A majority of voters in the state on Thursday were supporting all three statewide ballot questions, including one aimed at overhauling the partisan primary system in Nevada —just not in Nye County, where voters were overwhelmingly casting choices against them, according to early results.
Ballot Question 3 would eliminate partisan primaries for Congress, the Nevada Legislature and statewide constitutional offices, allowing all voters, regardless of party affiliation, to vote in these primary contests. The top five vote-getters would advance to the general election, where voters would then select their preferred candidate and rank the remainder.
In returns as of Thursday, 51.84 percent of voters had voted “yes” on Question 3, and 48.16 percent had cast “no” votes.
Nye County voters were rejecting it by a 53-to-46 percent margin on Thursday with more ballots still to be counted.
Shane Lewis said he voted against Ballot Question 3 because it “kind of turns it (voting) into a circus.”
“Either party could sabotage the other,” said Lewis, 49, who was voting Tuesday evening with his 90-year-old grandmother, Donna Lewis.
But nonpartisan Renee Lee supported the measure, saying she has wanted to vote in partisan primaries for a long time. “I’m glad they’re making changes,” the 50-year-old said.
Meanwhile, Ballot Question 1’s equal rights amendment was winning by a wide margin. The question would amend the Nevada Constitution to add a specific guarantee of equality under the law regardless of race, color, creed, sex, sexual orientation, gender identity or expression, age, disability, ancestry or national origin.
Early statewide returns showed 57.4 percent of votes in favor of Question 1 and 42.5 percent in opposition. In Nye County, voters were 56.24 percent against the measure and 43.7 percent in favor.
The remaining statewide ballot question, Question 2, which would require a $12 minimum wage, also was gaining approval. The measure also would remove the existing provision allowing employers that provide health insurance to pay $1 less per hour.
Statewide voters on Thursday were approving Question 2 with 54.2 percent of votes in favor of it and 45.7 percent against, while Nye County voters were 55 percent against the measure and about 45 percent in support.
Question 3, formally called the Better Voting Nevada Initiative, launched with an initiative petition filed by a political action committee called Nevada Voters First.
According to the PAC, the current partisan election process excludes more than one-third of all Nevada voters from casting ballots in primary elections and is controlled by the two major political parties.
Prominent conservative and progressive politicians and groups have panned the measure.
John Tsarpalas, president of the conservative Nevada Policy Research Institute, said the measure was confusing and disenfranchising, and could lead to one party meddling in the other’s primary.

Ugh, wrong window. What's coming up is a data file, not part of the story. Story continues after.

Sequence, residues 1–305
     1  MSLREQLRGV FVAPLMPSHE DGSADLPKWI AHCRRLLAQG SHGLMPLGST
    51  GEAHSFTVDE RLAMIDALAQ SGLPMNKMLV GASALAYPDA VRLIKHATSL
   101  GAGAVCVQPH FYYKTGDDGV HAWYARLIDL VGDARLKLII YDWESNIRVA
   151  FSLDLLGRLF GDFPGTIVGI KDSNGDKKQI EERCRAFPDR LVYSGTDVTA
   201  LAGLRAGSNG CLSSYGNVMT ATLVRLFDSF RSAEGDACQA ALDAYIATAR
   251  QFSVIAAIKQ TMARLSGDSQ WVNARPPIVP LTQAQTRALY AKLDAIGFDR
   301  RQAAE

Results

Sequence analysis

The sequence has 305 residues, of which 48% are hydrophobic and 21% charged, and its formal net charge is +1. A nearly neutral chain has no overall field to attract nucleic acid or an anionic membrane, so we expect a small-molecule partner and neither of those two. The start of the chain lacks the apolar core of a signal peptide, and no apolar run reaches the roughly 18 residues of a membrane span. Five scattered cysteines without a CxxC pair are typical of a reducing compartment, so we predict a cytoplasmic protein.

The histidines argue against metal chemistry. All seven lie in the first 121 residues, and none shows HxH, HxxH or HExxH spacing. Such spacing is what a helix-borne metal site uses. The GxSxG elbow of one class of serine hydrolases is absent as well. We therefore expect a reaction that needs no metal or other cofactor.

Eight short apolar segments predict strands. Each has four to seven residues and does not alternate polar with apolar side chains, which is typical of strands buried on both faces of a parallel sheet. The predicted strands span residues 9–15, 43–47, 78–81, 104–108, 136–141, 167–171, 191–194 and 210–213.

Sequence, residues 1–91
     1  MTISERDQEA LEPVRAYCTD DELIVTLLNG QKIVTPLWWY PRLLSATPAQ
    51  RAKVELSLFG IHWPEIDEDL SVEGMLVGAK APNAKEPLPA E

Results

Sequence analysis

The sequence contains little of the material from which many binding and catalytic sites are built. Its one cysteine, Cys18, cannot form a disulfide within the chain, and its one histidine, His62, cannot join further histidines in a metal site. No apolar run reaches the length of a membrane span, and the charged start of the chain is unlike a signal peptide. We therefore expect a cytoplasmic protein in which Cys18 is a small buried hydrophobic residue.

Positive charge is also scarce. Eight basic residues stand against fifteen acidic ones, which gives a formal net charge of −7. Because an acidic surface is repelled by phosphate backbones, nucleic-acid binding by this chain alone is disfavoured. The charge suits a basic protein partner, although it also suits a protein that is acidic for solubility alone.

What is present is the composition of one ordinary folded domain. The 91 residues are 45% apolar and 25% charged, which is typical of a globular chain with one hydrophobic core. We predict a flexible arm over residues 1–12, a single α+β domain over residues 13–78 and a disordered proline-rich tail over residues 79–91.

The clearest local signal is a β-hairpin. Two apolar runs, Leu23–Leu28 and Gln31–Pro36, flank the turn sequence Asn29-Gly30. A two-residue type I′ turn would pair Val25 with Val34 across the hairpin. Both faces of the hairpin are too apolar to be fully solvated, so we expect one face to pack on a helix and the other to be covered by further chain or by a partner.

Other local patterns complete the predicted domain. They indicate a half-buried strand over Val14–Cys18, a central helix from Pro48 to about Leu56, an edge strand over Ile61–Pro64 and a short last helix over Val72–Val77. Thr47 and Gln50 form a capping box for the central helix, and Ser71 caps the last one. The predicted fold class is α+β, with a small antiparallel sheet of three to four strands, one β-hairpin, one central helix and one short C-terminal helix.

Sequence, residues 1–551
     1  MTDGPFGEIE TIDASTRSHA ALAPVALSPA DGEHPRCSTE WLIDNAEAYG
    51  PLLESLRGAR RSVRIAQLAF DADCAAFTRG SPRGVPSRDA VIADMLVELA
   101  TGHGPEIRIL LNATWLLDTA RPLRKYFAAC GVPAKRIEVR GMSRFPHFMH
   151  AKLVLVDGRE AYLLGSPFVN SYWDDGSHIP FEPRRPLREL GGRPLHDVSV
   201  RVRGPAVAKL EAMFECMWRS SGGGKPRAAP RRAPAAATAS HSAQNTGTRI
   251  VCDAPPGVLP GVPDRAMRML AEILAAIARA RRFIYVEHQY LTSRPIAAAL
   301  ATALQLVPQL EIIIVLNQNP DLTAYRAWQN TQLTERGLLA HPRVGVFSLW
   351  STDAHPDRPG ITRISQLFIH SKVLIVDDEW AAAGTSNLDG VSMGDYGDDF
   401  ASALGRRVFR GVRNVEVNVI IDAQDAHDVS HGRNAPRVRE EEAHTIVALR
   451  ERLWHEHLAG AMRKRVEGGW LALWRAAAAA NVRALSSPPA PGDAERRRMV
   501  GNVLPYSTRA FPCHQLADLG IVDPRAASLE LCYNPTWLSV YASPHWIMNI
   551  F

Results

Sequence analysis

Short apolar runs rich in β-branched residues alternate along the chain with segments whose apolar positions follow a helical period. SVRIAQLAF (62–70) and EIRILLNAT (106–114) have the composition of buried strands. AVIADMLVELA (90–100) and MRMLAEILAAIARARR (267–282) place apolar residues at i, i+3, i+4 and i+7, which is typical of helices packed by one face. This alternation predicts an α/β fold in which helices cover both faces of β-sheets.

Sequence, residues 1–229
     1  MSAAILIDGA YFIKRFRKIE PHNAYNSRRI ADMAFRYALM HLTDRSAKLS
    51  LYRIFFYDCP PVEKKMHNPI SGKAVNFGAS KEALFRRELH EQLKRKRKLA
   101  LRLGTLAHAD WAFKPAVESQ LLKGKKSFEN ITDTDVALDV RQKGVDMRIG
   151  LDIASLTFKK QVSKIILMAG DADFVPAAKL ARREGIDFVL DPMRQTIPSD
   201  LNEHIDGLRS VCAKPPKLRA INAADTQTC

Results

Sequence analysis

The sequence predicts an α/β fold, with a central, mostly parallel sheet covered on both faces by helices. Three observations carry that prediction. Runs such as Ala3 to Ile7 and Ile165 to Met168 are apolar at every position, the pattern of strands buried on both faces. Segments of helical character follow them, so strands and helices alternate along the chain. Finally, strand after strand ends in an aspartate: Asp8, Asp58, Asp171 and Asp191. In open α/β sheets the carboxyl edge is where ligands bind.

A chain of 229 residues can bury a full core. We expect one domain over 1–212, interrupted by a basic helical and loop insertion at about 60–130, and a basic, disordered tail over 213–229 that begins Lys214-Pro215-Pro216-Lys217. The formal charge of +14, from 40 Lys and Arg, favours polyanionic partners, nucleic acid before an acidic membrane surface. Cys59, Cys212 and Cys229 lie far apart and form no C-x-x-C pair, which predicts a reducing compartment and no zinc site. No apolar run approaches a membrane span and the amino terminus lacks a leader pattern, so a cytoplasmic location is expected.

Annette Magnus, executive director of Battle Born Progress, said the measure is backed by out-of-state billionaires who want to test their election theory in Nevada. “And I don’t want to be anybody’s guinea pig,” she said.
But Sondra Cosgrove, executive director of Vote Nevada, said changing the system would foster more moderate candidates and less divisiveness. Her group is part of a coalition supporting the measure.
To opponents, she said, “What is your solution, because our system seems to be failing a lot of people.”
If approved, the measure would come before voters again in 2024.
Supporters of Question 1 say that it would close gaps in discrimination protection, including in unequal pay for women and in pregnancy discrimination.
Opponents say that it would be used by biological males and transgender athletes as a basis to undermine women’s sports by paving the way for them to compete unfairly against women and girls in school sports and for athletic scholarships.
Magnus said the opponents’ argument is a “scare tactic,” and both transphobic and homophobic.
“This is happening in Title 9 right now in sports for women,” Tsarpalas said. The wording of the measure is open to interpretation, including in regards to the rights of children over those of parents, he said.
“It’s too early to put this into a constitution,” he said. “It needs to get figured out, debated and perhaps voted on at legislative levels.”
Voter approval would be the final step in the process following a resolution approved by the Legislature in 2019 and again in 2021.
Question 2 would replace existing constitutional language that sets a two-tiered minimum wage, which is $9.50 per hour if employers offer health benefits and $10.50 per hour if they do not. It would match Nevada’s minimum wage to the federal wage if it ever exceeds $12 per hour. The amendment would end tying incremental increases in the wage to inflation.
Proponents say the measure is needed to guarantee a wage of at least $12 per hour and to avoid penalizing workers who opt out of the employer’s health insurance program. Some employers are “offering garbage health care that their employees can’t afford,” Magnus said.
Tsarpalas said that setting a minimum wage has been shown to reduce jobs and hiring for workers with less training.
Fewer than 1 percent of workers in Nevada get paid at or below minimum wage, which is scheduled to increase to $12 an hour regardless in 2024 regardless of passage.
Voter approval of the ballot question would be the final step in the process.